Here is an email I just received from my Wall Street buddy Rob:
All I ask is for a chance to prove that money can’t make me happy. Want some good news? Go to the gas station: oil is back down to $70/barrel. On to mortgages:
Countrywide said that “disruptions in credit and secondary mortgage markets pose a risk to the company and could hurt its financial condition in the short-term”. CW made the disclosure in a filing with the Securities and Exchange Commission, supplementing other “risk factors” the company had outlined in its annual report. Payments were at least 30 days late on about 20% of “nonprime” mortgages serviced by Countrywide as of June 30, up from 14% a year earlier. For all loans, delinquencies were 5%, up from 3.9%.
WAMU’s wholesale channel is either formally or informally classifying smaller originators as “priority” or “non-priority” accounts. There are obvious differences in service levels, depending on where you fit in.
WAMU warehouse is implementing changes as to the types of loans and the warehouse advance amount for warehousing. The maximum non-conforming market value that WAMU will accept is 97 for non-conforming and non-government loans! All non-conforming loans must have a specific takeout commitment for each loan. WAMU will no longer warehouse the following types of non-conforming mortgages: second lien mortgages, non-owner occupied mortgages, NINA/NINR, SISA’s, mortgages with CLTVs greater than 90%, or mortgages with FICO scores less than 660.
The Bank of Walnut Creek ceased taking applications and funding loans.
According to the National Mortgage News, Investment banker Nomura Securities has closed its nonconforming mortgage conduit and laid off staff in its fixed-income research department.
Nat City is making the changes to the Non-Conforming price adjustments: FICO’s less than 660 now have a 5 point hit, FICO’s 660–679 are a 1 point hit, etc., and the following non-conforming products will be discontinued: “Follow the Findings”, 40 year terms, and 40 due in 30’s. Lock extensions under these products will not be permitted.
Anworth Mortgage Asset Corp. announced that its Belvedere subsidiary was in default on two of its repo lines and had unpaid margin calls on others, and analysts assume that the company will lose 100% of this amount.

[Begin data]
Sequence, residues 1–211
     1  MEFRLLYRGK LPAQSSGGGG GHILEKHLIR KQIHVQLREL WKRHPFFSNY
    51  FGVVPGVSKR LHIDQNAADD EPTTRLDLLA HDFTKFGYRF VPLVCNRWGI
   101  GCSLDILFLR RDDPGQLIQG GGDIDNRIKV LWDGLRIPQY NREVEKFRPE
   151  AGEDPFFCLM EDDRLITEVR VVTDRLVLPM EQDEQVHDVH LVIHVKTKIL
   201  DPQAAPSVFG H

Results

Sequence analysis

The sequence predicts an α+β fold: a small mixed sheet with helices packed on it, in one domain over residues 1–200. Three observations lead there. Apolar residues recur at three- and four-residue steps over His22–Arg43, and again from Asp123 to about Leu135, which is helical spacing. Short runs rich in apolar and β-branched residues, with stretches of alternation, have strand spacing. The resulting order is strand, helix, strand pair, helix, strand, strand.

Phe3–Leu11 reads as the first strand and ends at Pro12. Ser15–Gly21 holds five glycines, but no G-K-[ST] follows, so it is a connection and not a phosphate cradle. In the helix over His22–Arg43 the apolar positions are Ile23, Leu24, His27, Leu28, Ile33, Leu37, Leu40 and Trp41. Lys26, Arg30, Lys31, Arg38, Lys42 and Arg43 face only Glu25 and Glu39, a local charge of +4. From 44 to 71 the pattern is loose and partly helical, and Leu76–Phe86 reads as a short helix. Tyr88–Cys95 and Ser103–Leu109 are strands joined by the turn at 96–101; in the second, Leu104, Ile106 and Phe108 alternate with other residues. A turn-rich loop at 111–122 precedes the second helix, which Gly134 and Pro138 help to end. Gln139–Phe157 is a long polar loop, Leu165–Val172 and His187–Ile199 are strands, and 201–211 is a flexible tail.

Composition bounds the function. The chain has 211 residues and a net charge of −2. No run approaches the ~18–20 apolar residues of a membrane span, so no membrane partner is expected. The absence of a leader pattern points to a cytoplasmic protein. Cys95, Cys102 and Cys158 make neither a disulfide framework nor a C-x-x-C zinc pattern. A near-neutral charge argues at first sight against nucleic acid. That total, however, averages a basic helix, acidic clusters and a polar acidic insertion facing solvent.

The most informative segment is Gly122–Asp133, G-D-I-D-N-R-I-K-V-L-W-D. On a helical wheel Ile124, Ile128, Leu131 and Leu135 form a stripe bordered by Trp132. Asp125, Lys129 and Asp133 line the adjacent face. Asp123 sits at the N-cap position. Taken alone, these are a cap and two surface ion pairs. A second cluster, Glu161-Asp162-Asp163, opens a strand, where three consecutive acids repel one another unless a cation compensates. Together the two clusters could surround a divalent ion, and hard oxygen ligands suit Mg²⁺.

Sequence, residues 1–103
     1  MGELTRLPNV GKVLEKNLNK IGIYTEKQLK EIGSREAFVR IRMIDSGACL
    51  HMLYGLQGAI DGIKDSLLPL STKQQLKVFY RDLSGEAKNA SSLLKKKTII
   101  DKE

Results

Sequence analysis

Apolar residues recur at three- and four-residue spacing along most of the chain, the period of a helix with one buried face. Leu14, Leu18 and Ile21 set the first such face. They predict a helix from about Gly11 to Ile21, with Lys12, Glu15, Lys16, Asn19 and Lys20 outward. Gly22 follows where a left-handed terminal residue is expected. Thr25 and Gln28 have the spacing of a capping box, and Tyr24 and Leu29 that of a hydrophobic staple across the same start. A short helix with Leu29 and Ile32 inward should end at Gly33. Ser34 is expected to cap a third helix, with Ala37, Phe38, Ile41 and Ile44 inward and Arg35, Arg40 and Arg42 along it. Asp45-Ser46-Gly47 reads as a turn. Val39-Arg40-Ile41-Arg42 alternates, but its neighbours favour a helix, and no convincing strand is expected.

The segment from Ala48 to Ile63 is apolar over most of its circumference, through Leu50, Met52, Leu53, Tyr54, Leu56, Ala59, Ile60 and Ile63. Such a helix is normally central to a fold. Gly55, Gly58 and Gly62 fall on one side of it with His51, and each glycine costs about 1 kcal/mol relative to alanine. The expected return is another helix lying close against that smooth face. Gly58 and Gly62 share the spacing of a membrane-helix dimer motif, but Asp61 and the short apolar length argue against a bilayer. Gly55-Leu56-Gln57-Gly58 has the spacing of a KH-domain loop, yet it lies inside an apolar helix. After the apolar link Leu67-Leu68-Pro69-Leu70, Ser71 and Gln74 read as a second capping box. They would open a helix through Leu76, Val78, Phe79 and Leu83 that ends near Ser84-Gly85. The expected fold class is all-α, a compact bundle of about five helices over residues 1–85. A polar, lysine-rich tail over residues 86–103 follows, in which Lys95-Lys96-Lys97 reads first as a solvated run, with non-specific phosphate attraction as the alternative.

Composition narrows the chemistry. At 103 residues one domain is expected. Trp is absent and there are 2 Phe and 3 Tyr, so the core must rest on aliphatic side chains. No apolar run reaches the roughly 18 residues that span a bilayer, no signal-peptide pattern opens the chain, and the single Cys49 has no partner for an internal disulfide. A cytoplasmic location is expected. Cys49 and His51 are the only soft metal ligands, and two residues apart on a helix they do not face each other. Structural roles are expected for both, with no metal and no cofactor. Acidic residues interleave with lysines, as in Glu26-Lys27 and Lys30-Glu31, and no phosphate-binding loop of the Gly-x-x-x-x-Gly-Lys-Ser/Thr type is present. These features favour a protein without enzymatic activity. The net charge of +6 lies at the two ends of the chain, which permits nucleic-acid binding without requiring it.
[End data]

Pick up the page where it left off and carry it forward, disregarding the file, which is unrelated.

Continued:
NovaStar Financial posted a net loss of $52.9 million, compared with a profit of $34.7 million a year earlier. Loan volume fell 73% to $773.7 million, and the real estate investment trust said it is having more difficulty selling loans it makes.
CitiMortgage improved prices from 50-100 basis points on the non-agency Alt-A, ARM, and Jumbo fixed.
Bank of America announced that they were limiting the maximum LTV/CLTV for all Cash-Out Refinance and all Non-Owner Occupied (Investor) transactions is limited to 70% on SIVA, SISA, Stated Income Combo Home Equity Loan Program, NINA, and their “No Ratio loan” programs. In addition, all new registrations and locks for LTV/CLTV greater than 70% for Investment Property and Cash Out Refinances on these programs have been suspended.
Deutsche Bank/CLG announced that MortgageIT is closings its correspondent division and moving that function to wholesale.
Remember Wednesday when stocks rallied, credit tightened, and mortgage prices worsened? That flipped yesterday as issues in Europe and the US prompted liquidity injections from the ECB and the Fed: stocks crumbled and the front end of the treasury market (impacting ARM rates) shot up. 30-yr A-paper product was better by about .125, but no one likes uncertainty, and every investor is now questioning the backing of any investment they make, whether it is commercial paper, money market funds, stocks, etc., so, they will lean toward the “No credit-risk” paper, like US Treasuries, FNMA, FHLMC, GNMA’s, etc.
According to Merrill Lynch, traders are speculating that the Federal Reserve will cut interest rates at an emergency meeting as soon as next week. Investors see the chances of a quarter-point reduction in the Fed’s key rate on any day from Aug. 16 at higher than 50%, and the market appears to be pricing in a substantial risk that the Fed will be forced to do an emergency inter-meeting cut in August,’ according to ML.